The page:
For instance, even if two spenders come together, over time one will sometimes become the orderly budgeter who hesitates to make unplanned purchases, while the other becomes the impulsive spender, unwilling to control their spending habits.

Being caught in opposite roles can feel very difficult, and can put a lot of pressure on your relationship. Discussing each other’s money styles is a really good first step in unpacking some of the emotional power that money has over you, and within your relationship.

Appreciate each other

Set aside time to tell each other anything you appreciate, no matter how small, about your partner's behaviour around money. For instance, savers often secretly admire spender's spontaneity, but they fear that any praise at all will be mistaken as permission to spend wildly.

In reality when each partner begins to appreciate the other's strengths and skills, the power struggle is interrupted. Remember, try to be respectful of differences. The ways in which people handle money are very different.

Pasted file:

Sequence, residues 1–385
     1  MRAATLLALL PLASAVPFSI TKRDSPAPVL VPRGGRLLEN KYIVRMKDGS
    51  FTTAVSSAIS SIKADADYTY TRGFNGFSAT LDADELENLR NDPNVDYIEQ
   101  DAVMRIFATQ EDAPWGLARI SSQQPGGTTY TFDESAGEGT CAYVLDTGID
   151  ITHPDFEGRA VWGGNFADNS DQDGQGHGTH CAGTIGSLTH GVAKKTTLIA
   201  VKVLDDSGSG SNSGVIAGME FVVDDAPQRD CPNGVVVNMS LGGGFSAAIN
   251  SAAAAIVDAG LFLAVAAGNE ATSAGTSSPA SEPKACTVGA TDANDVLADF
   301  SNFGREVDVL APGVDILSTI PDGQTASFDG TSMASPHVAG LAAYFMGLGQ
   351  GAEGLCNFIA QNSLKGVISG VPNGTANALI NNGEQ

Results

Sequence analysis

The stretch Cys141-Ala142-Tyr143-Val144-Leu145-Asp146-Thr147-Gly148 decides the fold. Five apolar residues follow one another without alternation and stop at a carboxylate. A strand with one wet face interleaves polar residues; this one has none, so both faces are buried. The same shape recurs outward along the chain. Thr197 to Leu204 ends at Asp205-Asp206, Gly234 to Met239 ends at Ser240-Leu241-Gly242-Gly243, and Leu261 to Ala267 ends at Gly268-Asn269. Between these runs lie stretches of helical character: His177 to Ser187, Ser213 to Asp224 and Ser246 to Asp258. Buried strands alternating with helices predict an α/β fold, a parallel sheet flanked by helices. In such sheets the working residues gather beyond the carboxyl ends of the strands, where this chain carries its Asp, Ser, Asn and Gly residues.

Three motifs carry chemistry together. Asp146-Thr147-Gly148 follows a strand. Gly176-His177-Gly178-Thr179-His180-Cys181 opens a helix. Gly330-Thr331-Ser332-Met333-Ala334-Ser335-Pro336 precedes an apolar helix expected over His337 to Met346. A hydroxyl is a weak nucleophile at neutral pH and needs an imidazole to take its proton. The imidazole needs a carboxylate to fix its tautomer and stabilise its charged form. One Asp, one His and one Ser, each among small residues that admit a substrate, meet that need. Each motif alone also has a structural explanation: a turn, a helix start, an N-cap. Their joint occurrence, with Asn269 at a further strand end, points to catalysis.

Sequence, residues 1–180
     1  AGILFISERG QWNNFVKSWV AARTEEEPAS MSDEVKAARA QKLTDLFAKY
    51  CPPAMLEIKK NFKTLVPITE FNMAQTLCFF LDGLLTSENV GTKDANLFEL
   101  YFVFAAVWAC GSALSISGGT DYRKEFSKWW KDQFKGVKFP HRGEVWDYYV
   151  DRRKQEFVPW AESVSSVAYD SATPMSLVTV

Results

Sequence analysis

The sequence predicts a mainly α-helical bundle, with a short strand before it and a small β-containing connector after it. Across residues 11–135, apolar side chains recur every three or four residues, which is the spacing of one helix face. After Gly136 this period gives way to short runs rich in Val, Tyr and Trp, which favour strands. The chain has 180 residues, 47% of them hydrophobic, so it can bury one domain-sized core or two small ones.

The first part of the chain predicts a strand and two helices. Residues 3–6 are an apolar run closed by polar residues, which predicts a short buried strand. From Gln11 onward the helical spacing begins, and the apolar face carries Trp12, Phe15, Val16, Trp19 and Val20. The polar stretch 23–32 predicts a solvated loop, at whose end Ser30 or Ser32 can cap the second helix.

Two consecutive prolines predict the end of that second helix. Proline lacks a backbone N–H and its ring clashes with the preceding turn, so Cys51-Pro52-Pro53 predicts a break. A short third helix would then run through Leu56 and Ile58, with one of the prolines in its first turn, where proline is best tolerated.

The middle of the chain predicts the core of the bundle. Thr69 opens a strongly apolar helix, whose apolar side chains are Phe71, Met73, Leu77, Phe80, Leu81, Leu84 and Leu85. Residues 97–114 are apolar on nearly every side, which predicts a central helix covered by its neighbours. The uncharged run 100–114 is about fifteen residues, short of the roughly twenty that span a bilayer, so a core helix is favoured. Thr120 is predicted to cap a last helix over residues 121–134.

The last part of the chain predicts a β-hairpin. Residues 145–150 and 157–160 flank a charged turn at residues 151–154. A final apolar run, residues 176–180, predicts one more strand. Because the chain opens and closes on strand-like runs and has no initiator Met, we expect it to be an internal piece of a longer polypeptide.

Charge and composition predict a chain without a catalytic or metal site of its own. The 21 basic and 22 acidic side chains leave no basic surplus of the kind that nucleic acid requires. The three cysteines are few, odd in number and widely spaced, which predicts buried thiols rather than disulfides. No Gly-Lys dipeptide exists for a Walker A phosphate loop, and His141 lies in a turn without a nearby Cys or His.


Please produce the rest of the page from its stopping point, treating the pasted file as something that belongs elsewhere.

Do not criticise one another for how each one of you wants to handle your money. One person’s way is not the only way.  For example, a “spender” is usually someone who is in favour of quality of life today. A “saver” is someone who is in favour of a quality of life in the future. It is the same thing, just viewed in a different way. The key is to learn to accept and negotiate your differences.


Which emotion do you associate most with money?

  • 278 0 Stress
  • 91 0 Guilt
  • 119 0 Excitement
  • 76 0 Happiness
  • 173 0 Anxiety


Most of us don’t think of money as an emotional issue but in reality it is. Take a look at our talking about money section to find how to discuss money and emotions with your partner.

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Dealing with negative responses